Some mistakes die hard. House Republicans, eager to paint democrats as opposed to negotiations, are proposing a new Super Committee. The so-called Super Committee was the result of the last round of 11th hour negotiations over the debt limit, the ill-fated attempt to forge compromise out of concentrated congressional privilege. The last Super Committee enjoyed the prospect of direct access to the House and Senate floor for their recommendations (had they produced any), to be created in an environment completely insulated from the press, constituents and electoral consequences. (Though lobbyists still had no problems penetrating it.) While it's unclear how this Super Committee would be structured, it's unlikely to matter much since it appears to be another dead-end ploy from House Republicans trying to paint their long-organized defunding effort as some sort of play for greater compromise in Washington. The Super Committee was a secretive, misbegotten failure the first time around, and we should consider ourselves lucky if this one never gets taken seriously.Continue reading
How the Parties Flip-Flopped on the Debt Ceiling
Because of some the work we’ve done before on last minute negotiations and divided government, Sunlight prepared the following graphic... View ArticleContinue reading
“Fiscal Cliff” Casts Shadow of Secrecy
Just like the debt limit negotiations and Supercommittee process that helped cause it, the so-called "fiscal cliff" of expiring laws is creating another round of secretive negotiations among our political leaders. The heads of both parties now thrive on stories of impending fiscal consequences, even when they're of their own making.To cope with a polarized electorate, our leaders have figured out a way to create an apparent impending disaster that is unpalatable regardless of one's ideology. Whatever the outcome of their fight with each other, they've created a dystopian future against which they can be made to look like heroes warding off impending doom with their brave bipartisanship.
It doesn't really matter which party started it (both of them) or whether this was avoidable (it was), because divided government has again led us to a place where the most important policy decisions are probably going to be made in secret, and then passed down to the rest of us.
While online disclosure and dialog don't threaten to take away politicians' power anytime soon, they do represent our best chance at elevating substance, rewarding merit, and reducing undue influence, whether in crafting legislation or in dealing with the struggles of divided government. Sunlight's approach to government transparency has made us skeptical observers of these political negotiations, and as we find ourselves entering yet another cycle, we decided to ask:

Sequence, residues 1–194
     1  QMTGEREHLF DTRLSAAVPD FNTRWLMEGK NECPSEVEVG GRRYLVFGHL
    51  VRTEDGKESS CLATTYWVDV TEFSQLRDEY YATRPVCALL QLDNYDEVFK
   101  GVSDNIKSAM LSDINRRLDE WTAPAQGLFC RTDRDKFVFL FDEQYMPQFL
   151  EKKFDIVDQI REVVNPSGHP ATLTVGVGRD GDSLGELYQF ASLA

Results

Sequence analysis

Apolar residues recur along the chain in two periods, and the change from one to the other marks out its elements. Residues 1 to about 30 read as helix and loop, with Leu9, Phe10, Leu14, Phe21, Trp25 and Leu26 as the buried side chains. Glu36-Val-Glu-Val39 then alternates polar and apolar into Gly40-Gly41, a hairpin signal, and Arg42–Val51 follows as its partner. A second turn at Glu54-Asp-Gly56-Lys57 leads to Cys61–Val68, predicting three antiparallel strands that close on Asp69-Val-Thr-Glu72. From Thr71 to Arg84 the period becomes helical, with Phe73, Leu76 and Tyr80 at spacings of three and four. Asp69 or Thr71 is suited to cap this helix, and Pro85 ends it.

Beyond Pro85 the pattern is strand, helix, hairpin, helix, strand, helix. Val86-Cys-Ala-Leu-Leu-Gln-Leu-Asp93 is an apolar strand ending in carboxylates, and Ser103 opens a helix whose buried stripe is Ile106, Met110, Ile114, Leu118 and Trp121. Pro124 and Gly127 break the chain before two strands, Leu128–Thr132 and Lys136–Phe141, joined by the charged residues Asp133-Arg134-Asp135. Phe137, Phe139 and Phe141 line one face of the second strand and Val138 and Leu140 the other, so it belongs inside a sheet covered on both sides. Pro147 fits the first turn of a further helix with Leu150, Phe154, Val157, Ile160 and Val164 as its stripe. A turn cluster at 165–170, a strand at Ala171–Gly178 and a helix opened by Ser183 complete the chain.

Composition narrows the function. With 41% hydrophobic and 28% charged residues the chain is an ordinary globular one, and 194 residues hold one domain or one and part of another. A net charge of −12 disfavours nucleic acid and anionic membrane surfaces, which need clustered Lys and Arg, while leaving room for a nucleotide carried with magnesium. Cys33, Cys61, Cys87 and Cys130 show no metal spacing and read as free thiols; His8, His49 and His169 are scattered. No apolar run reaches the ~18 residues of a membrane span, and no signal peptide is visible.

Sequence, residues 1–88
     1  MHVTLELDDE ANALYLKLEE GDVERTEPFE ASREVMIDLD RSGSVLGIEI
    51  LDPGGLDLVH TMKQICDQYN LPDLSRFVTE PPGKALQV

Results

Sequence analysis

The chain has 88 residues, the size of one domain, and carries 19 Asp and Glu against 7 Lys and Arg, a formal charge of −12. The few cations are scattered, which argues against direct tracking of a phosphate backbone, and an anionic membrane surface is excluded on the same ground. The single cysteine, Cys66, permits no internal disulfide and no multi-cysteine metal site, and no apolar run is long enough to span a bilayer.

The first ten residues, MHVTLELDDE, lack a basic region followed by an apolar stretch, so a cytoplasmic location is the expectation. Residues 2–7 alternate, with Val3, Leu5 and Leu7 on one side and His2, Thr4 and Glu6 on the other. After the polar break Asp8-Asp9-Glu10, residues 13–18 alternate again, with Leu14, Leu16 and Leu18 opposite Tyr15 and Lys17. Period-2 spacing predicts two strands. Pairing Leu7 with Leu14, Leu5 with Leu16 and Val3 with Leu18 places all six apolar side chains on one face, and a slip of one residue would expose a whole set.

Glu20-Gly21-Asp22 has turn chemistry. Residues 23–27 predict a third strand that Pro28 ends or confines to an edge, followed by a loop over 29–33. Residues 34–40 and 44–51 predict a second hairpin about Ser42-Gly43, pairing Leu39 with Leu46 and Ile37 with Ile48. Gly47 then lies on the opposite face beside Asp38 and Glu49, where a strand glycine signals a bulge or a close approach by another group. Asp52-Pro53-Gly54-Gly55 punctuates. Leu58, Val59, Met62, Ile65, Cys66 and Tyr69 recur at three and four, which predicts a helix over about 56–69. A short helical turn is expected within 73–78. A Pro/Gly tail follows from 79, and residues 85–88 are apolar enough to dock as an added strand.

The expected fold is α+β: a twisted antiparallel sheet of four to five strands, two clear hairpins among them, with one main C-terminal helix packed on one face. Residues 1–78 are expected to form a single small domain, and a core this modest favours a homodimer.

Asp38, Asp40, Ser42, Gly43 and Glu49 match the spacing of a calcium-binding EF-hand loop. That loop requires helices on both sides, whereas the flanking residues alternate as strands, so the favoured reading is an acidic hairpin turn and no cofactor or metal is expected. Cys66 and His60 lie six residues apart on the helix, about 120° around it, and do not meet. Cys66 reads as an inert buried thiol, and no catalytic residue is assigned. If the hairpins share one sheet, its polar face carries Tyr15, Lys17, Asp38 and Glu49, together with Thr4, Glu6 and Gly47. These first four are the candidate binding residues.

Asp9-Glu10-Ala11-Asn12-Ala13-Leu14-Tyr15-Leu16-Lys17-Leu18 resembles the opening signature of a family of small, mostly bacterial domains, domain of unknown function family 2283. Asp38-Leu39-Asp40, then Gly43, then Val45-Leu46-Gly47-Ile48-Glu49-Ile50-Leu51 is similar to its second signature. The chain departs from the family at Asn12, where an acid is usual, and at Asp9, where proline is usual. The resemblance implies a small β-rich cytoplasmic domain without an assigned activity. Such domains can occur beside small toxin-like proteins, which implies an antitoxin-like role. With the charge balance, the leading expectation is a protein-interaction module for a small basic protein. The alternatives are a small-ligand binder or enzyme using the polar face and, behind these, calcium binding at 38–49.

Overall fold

What can we expect of the next month, and what should we do about it?Continue reading
Sunlight’s Priorities for the Next Administration
Regardless of who wins the presidential election, the next administration will have enormous power to say how open our government will be. We have organized our priorities for the next administration below, to share where we think our work on executive branch issues will be focused, in advance of the election results. From money in politics to open data, spending, and freedom of information, we'll be working to open up the Executive Branch. We'd love to hear any suggestions you might have for Sunlight's Executive Branch work, please leave additional ideas in the comments below. (We'll also be sharing other recommendations soon, including a legislative agenda for the 113th Congress, and a suite of reform proposals for the House and Senate rules packages.) Sunlight Reform Agenda for the Next Administration:Continue reading
OpenSuperCongress: Debt Committee Must be Transparent
Sunlight is ramping up our effort to get the new “Super Congress” committee to be as transparent as they are... View ArticleContinue reading
Voting Blindly on the Debt Limit Bill
As Byron York just pointed out, the debt limit bill is being urgently rushed through Congress, and Members of Congress... View ArticleContinue reading